When it comes to Ghost Riders In The Sky, the lights dim further and spooky strobes flash outside. During the chorus a ghoulish rider, his skeletal face fixed in a rictus of eternal damnation, gallops past the windows on a fluorescent white steed. In the midst of his flight the steed suddenly executes a perfect 360 pirouette and gallops on into Hell. It is a brilliant piece of theatre only surpassed when the audience stand to sing Irving Berlin’s God Bless America at the end of the show. I glance at one of my American travelling companions who has tears glistening in her eyes and feel envious of her visible patriotism.

We travel on to Wickenburg, ‘The Dude Ranch Capital of Arizona’ where the exotically barren landscape features diverse species of cacti including the flame tipped Ocotillo and the Saguaro, known as the sentinel of the desert. Horse enthusiasts will enjoy a visit to Rancho de los Caballeros, a former ranch which, like many other former working ranches, has become a resort offering horseback riding across it’s vast acreage. Three miles Southeast of downtown Wickenburg is the Hassayampa River Preserve, a lush home to many indigenous species of wildlife including hummingbirds, their tiny wings beating so fast as to be invisible.

By the time I get to Phoenix, as the song goes, my exposure to cowboy culture has left me hot, dusty and in need of some serious luxury. In the foothills of the mountains at nearby Fountain Hills I find the CopperWynd Country Club, one of the most gloriously self indulgent locations I have had the pleasure to visit. The English proprietor has spared no expense on establishing his dream of a first class country club with a health spa, two swimming pools, tennis courts, exquisite dining and beautifully appointed rooms featuring a snuggly bed made up with heaps of downy pillows and the finest Italian bed linen.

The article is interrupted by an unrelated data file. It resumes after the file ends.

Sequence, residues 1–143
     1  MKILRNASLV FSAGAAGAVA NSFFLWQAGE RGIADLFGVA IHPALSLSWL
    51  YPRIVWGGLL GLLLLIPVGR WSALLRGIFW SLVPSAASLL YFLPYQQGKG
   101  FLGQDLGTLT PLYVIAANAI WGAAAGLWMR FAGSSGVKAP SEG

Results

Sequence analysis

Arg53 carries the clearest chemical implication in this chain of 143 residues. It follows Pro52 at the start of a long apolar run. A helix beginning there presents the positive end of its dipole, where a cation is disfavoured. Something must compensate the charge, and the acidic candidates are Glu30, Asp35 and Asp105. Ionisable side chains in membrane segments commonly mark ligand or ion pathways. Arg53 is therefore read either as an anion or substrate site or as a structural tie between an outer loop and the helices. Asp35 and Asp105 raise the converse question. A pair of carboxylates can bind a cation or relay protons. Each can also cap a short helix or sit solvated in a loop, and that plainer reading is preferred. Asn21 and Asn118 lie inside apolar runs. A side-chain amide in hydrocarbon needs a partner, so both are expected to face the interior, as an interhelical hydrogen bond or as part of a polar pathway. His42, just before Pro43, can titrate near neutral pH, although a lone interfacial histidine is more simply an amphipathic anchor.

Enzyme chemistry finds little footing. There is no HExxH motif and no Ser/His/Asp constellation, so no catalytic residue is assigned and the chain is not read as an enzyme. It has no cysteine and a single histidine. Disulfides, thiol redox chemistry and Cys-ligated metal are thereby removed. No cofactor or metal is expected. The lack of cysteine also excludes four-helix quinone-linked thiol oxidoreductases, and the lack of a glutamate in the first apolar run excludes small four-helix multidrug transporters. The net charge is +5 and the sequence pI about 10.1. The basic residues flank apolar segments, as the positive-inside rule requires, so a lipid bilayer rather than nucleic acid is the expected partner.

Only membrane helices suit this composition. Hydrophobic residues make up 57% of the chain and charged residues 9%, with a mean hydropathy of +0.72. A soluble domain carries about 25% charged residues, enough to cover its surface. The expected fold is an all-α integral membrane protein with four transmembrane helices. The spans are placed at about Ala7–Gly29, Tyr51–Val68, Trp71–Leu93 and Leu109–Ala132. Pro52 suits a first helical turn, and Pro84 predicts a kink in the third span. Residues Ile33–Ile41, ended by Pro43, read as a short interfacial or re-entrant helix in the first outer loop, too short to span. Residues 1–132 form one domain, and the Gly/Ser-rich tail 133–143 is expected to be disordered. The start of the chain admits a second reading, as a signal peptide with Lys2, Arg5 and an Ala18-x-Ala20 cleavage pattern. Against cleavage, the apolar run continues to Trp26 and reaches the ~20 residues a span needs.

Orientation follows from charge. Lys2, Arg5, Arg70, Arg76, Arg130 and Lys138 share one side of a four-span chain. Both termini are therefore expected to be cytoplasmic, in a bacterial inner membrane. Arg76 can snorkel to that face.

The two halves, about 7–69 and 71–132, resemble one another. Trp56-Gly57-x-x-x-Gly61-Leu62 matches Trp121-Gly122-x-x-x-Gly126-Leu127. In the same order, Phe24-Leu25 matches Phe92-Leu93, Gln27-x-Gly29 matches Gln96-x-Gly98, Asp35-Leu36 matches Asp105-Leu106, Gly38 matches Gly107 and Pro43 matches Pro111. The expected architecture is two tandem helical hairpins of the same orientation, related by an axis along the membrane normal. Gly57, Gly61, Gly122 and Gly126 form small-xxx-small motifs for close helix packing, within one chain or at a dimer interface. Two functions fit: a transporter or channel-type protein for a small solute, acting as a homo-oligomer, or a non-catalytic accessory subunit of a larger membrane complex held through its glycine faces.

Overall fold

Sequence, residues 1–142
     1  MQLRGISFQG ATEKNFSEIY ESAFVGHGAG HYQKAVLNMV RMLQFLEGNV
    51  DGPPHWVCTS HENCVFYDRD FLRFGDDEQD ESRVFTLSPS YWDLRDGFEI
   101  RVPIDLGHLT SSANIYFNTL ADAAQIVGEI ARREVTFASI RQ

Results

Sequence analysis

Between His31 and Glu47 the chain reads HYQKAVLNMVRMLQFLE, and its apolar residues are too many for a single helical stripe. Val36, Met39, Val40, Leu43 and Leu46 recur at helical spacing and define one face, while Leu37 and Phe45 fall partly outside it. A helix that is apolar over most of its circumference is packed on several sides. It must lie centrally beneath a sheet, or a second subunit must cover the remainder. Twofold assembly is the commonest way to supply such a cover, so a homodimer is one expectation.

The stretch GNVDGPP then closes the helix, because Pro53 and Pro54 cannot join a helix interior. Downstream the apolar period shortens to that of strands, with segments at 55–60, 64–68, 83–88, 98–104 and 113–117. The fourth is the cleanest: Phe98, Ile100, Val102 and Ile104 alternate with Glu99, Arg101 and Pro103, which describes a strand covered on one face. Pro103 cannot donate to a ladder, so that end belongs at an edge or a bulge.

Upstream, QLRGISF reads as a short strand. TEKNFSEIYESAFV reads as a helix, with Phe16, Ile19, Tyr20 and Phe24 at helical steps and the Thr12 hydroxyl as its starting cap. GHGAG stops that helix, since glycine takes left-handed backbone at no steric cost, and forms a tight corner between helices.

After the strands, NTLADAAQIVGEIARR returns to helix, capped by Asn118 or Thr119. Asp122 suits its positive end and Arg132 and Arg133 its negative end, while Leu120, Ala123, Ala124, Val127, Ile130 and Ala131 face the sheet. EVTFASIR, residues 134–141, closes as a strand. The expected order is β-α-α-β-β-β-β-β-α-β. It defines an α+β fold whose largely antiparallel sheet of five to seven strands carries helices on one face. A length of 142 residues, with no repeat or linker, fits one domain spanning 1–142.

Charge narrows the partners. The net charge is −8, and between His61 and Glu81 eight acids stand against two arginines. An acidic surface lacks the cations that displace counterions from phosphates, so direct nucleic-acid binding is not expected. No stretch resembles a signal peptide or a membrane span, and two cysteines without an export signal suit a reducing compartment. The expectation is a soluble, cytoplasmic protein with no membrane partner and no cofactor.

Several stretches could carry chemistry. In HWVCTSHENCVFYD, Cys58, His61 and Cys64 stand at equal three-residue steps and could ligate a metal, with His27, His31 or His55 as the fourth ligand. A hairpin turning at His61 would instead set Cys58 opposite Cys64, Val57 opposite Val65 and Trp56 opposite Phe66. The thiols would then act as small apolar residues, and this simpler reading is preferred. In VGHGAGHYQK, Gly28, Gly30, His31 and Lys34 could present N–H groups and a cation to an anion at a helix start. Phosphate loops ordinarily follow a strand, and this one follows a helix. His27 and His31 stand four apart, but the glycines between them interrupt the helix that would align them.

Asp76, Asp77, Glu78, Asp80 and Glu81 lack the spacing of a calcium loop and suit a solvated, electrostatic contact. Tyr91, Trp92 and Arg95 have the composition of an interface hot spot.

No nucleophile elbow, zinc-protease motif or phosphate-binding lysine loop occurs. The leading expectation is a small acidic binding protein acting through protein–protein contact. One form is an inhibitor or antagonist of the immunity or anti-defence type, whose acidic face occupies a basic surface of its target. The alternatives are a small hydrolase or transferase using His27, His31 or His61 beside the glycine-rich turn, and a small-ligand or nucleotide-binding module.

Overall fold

In the spa, I experience my first Desert Stone massage. During this Flintstone form of relaxation, the masseur places hot flat rocks beneath my body, tiny stones between my fingers and toes and proceeds to gently massage me with a warm boulder. After this strangely relaxing buffing, I undergo a facial during which the beautician confirms I have ‘some sun damage’ on my face. Undeterred I slap on the factor 30, make for the pool and order one of CopperWynd’s perfect Margaritas.

A further reason for staying at CopperWynd is that Taliesin West, a futuristic home built by celebrated American architect Frank Lloyd Wright is only fifteen minutes away. He was a man who loved nature and the great American outdoors and his philosophy, ‘Life is only worth living if you can make it more beautiful than you found it’ can be seen in practice at Taliesin West. Having experienced the diverse natural wonders of Arizona, I understand why he chose to build his home in what still is a wonderfully Wild West.

The Arizona Office of Tourism www.arizonaguide.com

Written by Beverley Byrne.